The Most Important Thing You Must Do Now With the Markets Crumbling

It isn’t easy being an investor these days with the Straits Times Index (SGX: ^STI), Singapore’s stock market barometer, appearing to be in a never-ending slide.

At the time of writing (10:58 am), it’s down by 1.95% to 2,951 from yesterday’s close. It’s likely that the index will end today with another daily loss to mark six five consecutive daily declines. If we pull back the curtains a little, the index’s current level also represents a step retreat of 16.8% from its 52-week high of 3,550 that was reached only four months ago in April.

To sum it up simply, Singapore’s stock market has been ugly.

But here’s the thing, we should always expect the stock market to turn ugly every now and then. How often does the ugliness rear its head?

My colleague Morgan Housel had studied more than 80 years of U.S. stock market history to find out how often the market crashes. Although this is not a history of Singapore’s own stock market, it still can provide useful context for thinking about the depth and frequency of market declines here.

Market decline percentage Historical frequency on average
10% Every 11 months
15% Every 24 months
20% Every four years
30% Every decade
50% 2-3 times per century

Source: Morgan Housel,

As you can see, 10%-20% drops in the prices of stocks are not very uncommon things. They happen all the time. And yet, throughout all these frequent declines, the S&P 500 (a market index in the U.S.) has jumped by more than 11,000% from 18 points in 1928 to more than 2,000 today.

To borrow an analogy from the legendary fund manager Ralph Wanger, think of stocks like a poodle that’s being walked by its owner.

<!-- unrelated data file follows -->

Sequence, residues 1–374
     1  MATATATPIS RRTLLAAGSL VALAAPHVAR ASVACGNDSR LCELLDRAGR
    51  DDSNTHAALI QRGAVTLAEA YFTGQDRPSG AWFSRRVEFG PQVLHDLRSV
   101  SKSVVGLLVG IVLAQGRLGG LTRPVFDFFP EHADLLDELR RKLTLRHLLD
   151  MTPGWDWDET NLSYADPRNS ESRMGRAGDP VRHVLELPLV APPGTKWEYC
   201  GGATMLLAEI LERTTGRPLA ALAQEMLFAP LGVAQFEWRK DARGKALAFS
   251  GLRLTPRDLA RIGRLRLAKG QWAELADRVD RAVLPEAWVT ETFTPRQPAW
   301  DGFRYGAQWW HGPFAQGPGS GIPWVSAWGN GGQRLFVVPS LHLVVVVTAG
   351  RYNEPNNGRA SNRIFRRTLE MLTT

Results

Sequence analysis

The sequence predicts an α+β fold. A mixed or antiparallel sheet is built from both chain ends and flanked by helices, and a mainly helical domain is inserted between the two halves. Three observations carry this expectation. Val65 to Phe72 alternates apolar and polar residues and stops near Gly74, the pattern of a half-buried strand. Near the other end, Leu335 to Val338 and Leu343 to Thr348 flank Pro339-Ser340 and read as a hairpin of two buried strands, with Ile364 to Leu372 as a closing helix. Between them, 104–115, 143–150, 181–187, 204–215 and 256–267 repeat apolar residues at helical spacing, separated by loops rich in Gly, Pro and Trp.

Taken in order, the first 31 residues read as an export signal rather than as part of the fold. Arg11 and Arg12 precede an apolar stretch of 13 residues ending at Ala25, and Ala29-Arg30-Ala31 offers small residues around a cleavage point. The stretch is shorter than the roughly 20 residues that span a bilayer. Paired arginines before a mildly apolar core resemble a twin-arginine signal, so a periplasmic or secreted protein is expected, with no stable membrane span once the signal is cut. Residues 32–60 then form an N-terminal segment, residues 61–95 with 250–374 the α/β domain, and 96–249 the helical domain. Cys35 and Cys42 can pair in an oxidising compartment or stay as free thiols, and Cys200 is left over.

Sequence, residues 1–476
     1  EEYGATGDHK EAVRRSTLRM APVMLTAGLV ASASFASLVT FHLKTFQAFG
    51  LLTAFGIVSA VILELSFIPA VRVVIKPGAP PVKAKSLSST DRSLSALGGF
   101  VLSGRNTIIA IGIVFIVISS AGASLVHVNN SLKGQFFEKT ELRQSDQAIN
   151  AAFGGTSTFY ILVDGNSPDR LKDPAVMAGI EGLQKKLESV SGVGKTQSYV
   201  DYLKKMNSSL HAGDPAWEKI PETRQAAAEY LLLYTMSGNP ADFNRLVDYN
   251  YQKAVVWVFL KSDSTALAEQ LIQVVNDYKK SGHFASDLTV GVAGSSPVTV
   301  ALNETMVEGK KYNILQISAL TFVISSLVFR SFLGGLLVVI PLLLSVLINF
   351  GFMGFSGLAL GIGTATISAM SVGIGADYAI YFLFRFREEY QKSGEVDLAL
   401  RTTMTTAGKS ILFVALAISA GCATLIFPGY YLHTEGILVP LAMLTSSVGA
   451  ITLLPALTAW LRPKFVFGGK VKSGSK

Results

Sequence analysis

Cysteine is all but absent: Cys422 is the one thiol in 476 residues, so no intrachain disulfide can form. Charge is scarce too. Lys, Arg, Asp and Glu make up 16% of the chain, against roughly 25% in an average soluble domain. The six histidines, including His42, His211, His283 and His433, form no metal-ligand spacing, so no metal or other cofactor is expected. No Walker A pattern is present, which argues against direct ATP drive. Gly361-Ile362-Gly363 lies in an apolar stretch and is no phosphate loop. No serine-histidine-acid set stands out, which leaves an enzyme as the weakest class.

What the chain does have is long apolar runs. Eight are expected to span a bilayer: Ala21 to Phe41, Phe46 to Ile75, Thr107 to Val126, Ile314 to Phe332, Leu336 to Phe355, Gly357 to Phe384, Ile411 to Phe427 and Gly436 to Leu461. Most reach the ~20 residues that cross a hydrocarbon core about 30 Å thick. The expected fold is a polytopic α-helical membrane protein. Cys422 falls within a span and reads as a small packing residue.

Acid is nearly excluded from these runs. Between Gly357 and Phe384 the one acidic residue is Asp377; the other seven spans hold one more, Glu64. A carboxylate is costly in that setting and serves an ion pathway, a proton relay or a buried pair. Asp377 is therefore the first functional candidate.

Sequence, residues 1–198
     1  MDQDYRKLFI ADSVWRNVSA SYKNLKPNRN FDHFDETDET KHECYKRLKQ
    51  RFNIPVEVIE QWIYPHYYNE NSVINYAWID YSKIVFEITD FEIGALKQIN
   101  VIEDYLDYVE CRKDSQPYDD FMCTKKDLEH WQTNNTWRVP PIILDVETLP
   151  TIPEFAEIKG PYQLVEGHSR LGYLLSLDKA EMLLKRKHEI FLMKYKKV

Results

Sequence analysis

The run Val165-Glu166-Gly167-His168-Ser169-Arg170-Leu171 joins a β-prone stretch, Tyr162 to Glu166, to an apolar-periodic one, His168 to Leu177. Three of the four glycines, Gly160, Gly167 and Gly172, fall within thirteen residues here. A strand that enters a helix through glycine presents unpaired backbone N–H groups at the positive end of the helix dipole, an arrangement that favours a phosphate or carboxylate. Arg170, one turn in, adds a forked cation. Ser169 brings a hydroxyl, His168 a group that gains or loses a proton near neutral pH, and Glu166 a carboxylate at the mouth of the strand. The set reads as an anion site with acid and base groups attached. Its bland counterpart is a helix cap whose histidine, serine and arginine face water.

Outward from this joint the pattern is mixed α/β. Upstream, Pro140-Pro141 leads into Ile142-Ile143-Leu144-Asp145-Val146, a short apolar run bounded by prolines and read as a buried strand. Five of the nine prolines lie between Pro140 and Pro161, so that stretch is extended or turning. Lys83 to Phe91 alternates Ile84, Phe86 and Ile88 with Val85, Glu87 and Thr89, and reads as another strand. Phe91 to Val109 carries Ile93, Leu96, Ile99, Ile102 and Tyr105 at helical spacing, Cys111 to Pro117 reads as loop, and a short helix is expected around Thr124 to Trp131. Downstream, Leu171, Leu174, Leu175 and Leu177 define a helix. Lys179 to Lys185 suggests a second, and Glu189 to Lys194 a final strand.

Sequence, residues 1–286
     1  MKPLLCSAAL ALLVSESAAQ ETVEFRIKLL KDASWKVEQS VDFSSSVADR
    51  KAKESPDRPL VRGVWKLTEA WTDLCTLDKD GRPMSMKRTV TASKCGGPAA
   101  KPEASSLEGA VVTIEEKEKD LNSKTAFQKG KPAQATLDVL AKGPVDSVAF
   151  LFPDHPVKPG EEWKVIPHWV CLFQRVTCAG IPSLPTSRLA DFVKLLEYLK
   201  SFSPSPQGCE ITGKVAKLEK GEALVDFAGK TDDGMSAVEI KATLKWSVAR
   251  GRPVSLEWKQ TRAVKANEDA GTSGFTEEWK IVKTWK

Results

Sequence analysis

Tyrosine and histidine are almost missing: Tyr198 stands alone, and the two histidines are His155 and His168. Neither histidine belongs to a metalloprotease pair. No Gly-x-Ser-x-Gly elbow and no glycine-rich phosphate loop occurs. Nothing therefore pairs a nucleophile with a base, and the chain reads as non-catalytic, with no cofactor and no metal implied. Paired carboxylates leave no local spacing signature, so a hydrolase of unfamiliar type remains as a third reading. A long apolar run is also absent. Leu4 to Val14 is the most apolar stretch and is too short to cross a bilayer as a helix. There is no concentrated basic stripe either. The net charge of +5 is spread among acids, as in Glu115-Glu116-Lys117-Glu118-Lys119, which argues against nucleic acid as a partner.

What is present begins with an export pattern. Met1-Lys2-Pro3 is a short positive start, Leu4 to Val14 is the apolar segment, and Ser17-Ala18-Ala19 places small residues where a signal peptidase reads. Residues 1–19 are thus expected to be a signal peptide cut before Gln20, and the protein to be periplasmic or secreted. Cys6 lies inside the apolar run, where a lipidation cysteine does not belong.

The owner (growth of the stock’s business) is walking from the Botanic Gardens to the Dhoby Ghaut MRT Station at a fixed pace. Meanwhile, the poodle (the stock’s price) is running all over the place, darting forward, surging to the left, dashing to the right, and straining to run backwards. But, you know the poodle and the owner will get to the MRT station eventually and at nearly the same time.

When thought of in this manner, short-term market declines (the poodle’s erratic movement) tend to lose significance when compared to the broader theme of the collective growth in the long-term earnings power of the businesses that make up the stock market.

Peter Lynch, another luminary in the investing world, once said that “everyone has the brainpower to make money in stocks. Not everyone has the stomach.” In bad times like these, with the market falling, it’s apt to bring up Lynch’s quote to remind ourselves of the most important thing we have to do now: Steel ourselves to ride through the market’s decline and not sell out at the bottom.

The information provided is for general information purposes only and is not intended to be personalised investment or financial advice. Motley Fool Singapore writer Chong Ser Jing doesn't own shares in any company mentioned.